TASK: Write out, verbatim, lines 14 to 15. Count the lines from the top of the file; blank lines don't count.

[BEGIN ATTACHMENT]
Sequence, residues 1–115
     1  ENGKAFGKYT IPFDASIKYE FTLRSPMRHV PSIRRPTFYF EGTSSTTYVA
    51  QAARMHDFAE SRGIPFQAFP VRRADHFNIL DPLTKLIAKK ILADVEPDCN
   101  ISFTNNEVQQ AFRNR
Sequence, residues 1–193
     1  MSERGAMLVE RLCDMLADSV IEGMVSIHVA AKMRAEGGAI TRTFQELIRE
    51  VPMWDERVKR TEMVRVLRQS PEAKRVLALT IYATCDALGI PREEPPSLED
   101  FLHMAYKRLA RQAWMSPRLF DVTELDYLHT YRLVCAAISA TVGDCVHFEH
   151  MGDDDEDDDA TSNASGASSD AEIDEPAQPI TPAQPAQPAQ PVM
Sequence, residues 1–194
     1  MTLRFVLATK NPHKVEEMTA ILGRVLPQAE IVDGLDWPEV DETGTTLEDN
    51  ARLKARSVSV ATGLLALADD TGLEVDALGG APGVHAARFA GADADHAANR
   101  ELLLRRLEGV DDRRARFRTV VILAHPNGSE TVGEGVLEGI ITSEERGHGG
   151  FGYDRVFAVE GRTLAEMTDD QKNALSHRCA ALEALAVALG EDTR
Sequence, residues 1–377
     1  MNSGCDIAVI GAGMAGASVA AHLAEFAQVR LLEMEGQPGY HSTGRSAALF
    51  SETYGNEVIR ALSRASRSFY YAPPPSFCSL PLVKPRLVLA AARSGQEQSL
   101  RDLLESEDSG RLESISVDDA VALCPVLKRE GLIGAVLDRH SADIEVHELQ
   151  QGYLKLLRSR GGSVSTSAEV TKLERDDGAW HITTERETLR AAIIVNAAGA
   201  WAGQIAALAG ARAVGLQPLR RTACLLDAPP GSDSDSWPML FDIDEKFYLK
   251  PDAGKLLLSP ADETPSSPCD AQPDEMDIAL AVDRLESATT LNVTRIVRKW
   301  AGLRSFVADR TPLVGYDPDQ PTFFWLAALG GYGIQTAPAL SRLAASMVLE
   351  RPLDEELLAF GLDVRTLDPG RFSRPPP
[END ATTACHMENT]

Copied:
   151  FGYDRVFAVE GRTLAEMTDD QKNALSHRCA ALEALAVALG EDTR
Sequence, residues 1–377